More than 1,000 lace up their shoes to fight heart disease
By CATHY LOGG
EDMONDS — For six years, Alex Henson has joined the annual Snohomish County American Heart Walk. This year, she walked with a friend her age who also shares her motivation.
Alex, 13, of Edmonds, was born with a heart defect. She had three holes in her heart, a closed vessel and a valve that didn’t work. Her first heart surgery occurred when she was 6 weeks old and her second at the age of 2. At age 4, doctors put a stint in her heart to keep the blood vessel open so the valve doesn’t have to work so hard.
"She’s doing really well," her mother, Tana Axtelle, said. "She’s very small for her size. She does have some limitations, but nothing that keeps her from living a normal life."
Alex is even on a jump rope team. In 1990, she was the Washington Heart Association’s poster child.
Axtelle was one of more than 1,000 people to join this year’s heart walk Saturday, covering 3.1 miles to raise money for research and community education. Edmonds firefighters on bicycles pedaled the route to keep an eye on some of the walkers who suffer from lung ailments.
Each year, the walk and the amount of money raised for the Washington Heart Association grows. In 1998, the county goal was $100,000. Last year, it increased to $175,000, and this year it is $200,000. The walk was one of four such events taking place across the state.
"I believe we’re going to hit our goal," said Paul Mendez III, the association’s regional director for Snohomish County.
"That’s really good," said Jonathan Modie, association spokesman, as he looked over the crowd of walkers, including many sporting red hats that identified them as survivors of heart problems.
They came in all ages and sizes, including a large dog dressed in a white T-shirt who eagerly accompanied his humans on the waterfront walk.
Donn Wells of Edmonds joins the walk each year in honor of his granddaughter, Anna Thordarson, 11, of Arlington. Anna also was born with a hole in her heart that doctors discovered when she was 18 months old. She’s had two open heart surgeries, at age 2 and 4, at Children’s Hospital and Regional Medical Center.
Wells raised about $300 in his neighborhood this year.
"The money that goes for research covers all sorts of heart defects," he said. "A lot of that research is done at the University of Washington Medical Center."
People often think of heart diseases and ailments as afflictions of the elderly, but they can affect any age.
Elizabeth Stevenson, 61, of Lynnwood became interested in the walk 16 years ago after her husband John suffered his first heart attack at age 46 and smoked his last cigar. He had a second attack a year later and had to undergo bypass surgery.
"That’s when he became serious about good diet and exercise," Stevenson said.
He remained well for four years, then suffered a third heart attack, but was treated by paramedics right away and had little damage. A year after that, John suffered a fourth heart attack that nearly killed him. He had only 30 percent heart function and awaited a transplant.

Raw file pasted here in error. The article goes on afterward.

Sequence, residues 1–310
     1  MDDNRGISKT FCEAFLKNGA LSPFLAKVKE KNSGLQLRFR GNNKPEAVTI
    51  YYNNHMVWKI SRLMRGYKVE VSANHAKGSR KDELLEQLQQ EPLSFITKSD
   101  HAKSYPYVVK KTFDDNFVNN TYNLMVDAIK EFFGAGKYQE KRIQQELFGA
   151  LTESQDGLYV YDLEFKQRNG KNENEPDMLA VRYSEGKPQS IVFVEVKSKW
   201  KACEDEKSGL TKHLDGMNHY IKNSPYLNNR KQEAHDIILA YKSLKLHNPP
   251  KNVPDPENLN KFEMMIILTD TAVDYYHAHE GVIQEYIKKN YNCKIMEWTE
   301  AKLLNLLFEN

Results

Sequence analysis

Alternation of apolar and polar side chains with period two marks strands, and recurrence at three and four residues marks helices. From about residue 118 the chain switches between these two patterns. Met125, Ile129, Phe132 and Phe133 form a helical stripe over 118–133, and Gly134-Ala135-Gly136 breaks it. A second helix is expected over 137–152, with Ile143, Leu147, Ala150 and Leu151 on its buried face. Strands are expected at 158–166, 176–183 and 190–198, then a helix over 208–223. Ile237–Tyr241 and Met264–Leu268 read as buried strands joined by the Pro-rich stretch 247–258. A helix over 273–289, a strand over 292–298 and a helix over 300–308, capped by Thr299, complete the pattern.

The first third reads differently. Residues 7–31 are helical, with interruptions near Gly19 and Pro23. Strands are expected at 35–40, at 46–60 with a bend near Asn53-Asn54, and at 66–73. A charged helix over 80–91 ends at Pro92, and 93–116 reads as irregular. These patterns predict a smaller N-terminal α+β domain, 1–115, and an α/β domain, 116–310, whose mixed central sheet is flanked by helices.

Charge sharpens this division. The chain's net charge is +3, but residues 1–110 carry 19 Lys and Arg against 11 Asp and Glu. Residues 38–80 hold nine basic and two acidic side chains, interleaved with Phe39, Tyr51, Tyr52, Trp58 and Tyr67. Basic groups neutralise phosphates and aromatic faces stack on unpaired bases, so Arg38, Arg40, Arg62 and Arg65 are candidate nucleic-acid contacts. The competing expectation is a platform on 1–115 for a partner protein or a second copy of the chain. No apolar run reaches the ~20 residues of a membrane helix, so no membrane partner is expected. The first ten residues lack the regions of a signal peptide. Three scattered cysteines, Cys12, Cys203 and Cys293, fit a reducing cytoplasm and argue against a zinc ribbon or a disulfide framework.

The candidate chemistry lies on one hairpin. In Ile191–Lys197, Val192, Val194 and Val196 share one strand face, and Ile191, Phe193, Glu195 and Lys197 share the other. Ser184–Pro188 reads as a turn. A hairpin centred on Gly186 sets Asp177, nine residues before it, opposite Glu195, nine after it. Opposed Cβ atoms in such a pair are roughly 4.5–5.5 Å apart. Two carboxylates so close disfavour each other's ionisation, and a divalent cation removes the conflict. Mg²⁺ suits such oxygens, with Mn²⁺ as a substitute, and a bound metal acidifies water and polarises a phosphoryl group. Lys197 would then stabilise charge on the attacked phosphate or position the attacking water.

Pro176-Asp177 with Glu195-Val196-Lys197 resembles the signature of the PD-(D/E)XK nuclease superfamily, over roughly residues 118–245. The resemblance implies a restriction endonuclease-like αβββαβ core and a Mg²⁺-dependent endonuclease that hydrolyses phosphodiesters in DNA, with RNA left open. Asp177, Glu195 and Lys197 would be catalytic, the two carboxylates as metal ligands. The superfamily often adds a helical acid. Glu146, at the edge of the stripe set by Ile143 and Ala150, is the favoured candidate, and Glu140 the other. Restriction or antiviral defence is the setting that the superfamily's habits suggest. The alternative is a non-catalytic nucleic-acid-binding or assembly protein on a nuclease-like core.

"The sad thing about that is that at any given time, there are 50,000 people waiting for a transplant," Stevenson said. "In the U.S., about 2,000 people get a transplant."
John Stevenson spent six weeks in the hospital on life support before he received a transplant.
"After that, the first year was very, very rough," Stevenson said. Because his immune system had been suppressed, he developed lung cancer, but he survived that after six months of chemotherapy. A year later, he suffered a pulmonary embolism while skiing in Colorado.
He died in May, at 64, of congestive heart failure after deciding not to seek a second transplant because he felt someone else needed the heart more, his wife said.
"We had the opportunity to live a very full life," she said. "It was just a gift. He had limitations, but he didn’t let them limit him. He was a very fine, courageous man."
Elizabeth joined the heart association after John’s first heart attack. At that time, the county heart walk raised $30,000, she said. Last year, it raised $160,000.
The association’s goal is to reduce death and disability from heart diseases and stroke by 25 percent by the year 2010, she said.
She and Carrell Tysver, 53, of Bothell were among a group who released white balloons in John Stevenson’s memory after the walk.
Tysver suffered a massive stroke two years ago that left her paralyzed and unable to speak or write.
"I have spent two years rebuilding my life," she said.
Tysver’s sister, Melodee Jones, 50, of Spokane, joined her on the walk this year to promote awareness of heart attack and stroke symptoms and the importance of heeding a doctor’s warning about the dangers of high blood pressure, and to honor their mother, who died from a heart attack.
Tysver underwent a year of physical therapy, then began a year of her own dance therapy to regain the abilities she lost.
"I have re-learned all the skills I taught my children," she said. "They have watched me struggle."
Last year, she joined the Lilac Bloomsday Run in Spokane.
"It was very, very slow, but we finished it — 2 1/2 hours for seven miles," Tysver said.
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